Saint Teresa was a class act, as you might expect. She felt that the order wasn’t a fit for Jean, but she’d found her another job and a place to live, effective immediately, which is where my grandparents came in. It worked out for a while, until Jean went to visit another sister in Arizona, which lasted six years and ended in the amateur euthanasia of the sister’s dog. (I met Jean once, at a garden party hosted by my grandparents in the mid-Nineties. She was much nicer than anyone had made her out to be.)

The story of my grandfather’s meeting with Saint Teresa became a family game of telephone. I thought as a child that my grandfather had heroically saved Mother Teresa’s life from a violent attack; later I came to believe that no version of the story could possibly be true. I was surprised to discover that I had been wrong, and to learn that the facts were much closer to the gleaming heroism my larger-than-life grandfather had projected in my youth.

As I said, my grandfather had a good eye for opportunity, along with historically charmed timing. When he got tired of moving for Union Carbide, in the mid-Eighties, he learned of a small family business in Pennsylvania that sold industrial gases and equipment. The owner was old and sick and his sons were layabouts, incapable of keeping up with the business’s demand, and my grandfather thought he and his own sons, who in truth were only slightly less derelict, could do better. He placed a call from a payphone to my mother, in college in New Hampshire, to persuade her to convince my father to move south and join the business. After all, a man couldn’t get married without a job.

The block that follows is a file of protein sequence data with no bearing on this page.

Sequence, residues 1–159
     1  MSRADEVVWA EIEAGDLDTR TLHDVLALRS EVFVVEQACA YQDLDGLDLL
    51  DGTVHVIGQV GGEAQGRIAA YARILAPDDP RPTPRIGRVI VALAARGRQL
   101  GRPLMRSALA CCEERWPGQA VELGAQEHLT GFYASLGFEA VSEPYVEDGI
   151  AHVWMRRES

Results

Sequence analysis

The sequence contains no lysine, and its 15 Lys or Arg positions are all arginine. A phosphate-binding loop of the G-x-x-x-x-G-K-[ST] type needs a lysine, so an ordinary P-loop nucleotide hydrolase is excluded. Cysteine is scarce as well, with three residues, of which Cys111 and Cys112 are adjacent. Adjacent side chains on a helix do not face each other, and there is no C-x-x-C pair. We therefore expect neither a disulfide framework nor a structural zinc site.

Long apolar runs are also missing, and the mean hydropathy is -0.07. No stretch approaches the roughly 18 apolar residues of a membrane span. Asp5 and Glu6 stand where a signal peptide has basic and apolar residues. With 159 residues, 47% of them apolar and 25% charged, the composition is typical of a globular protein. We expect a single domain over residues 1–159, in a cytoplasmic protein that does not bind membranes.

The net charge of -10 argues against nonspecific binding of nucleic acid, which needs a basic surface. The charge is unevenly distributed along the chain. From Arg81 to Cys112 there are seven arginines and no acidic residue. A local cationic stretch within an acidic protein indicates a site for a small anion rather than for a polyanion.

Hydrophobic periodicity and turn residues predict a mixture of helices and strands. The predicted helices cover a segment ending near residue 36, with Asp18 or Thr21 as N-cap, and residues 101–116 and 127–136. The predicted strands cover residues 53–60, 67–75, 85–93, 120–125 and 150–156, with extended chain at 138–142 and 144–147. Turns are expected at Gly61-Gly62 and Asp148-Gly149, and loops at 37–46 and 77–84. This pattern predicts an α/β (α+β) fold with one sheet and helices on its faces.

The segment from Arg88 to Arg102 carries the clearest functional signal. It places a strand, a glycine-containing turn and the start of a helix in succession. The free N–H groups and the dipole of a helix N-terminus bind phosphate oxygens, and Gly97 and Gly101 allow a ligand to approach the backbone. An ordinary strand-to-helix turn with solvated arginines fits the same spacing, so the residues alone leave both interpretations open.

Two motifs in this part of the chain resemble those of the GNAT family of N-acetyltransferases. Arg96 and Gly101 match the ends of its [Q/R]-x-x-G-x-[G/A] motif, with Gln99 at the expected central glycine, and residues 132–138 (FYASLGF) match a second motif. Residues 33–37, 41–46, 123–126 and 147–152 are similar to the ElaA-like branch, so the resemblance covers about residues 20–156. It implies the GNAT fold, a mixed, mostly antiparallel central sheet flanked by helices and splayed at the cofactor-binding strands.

The family flourished in Pennsylvania, mostly. My grandfather lived in a canary-yellow Victorian with a Marian garden and a rope swing. He only drove Cadillacs. He never wore jeans. They found a parish and adopted a young priest, fresh out of seminary, to minister to our growing needs: baptizing our babies, visiting our sick and our imprisoned, burying my grandmother. He’s the bishop of South Bend now, from which post he writes to my grandfather, asking after us, the forty grandchildren and eight great-grandchildren. I hope he’ll come back for the funeral. I hope he knows it will be soon.

My grandfather has lived longer with stage-four lung cancer than you might think a person could, but then his whole life has been rather charmed. He’s at the point where he’s giving away his things with an air of extravagance: he’s made my uncle promise to create a card catalogue for his enormous library, so that all of his descendants can borrow his books. He gave my brothers his vintage tuxedos. He gave me his easy chair. He tells us his stories, about the Army and the moon landing and his old friends from Southie and his pilgrimage to Guadalupe. He ignores the warnings and goes to Mass, where he returns a very old favor by praying for Fulton Sheen to get a new job. This time, it’s a job for which he’ll be applying, too.

Mary Kate Skehan is a contributor to the Spectator and other publications.

To continue reading, subscribe to The Lamp.

Get unlimited access to our complete archive when you subscribe.

Already a Subscriber?
Mary Kate Skehan is a contributor to the Spectator and other publications.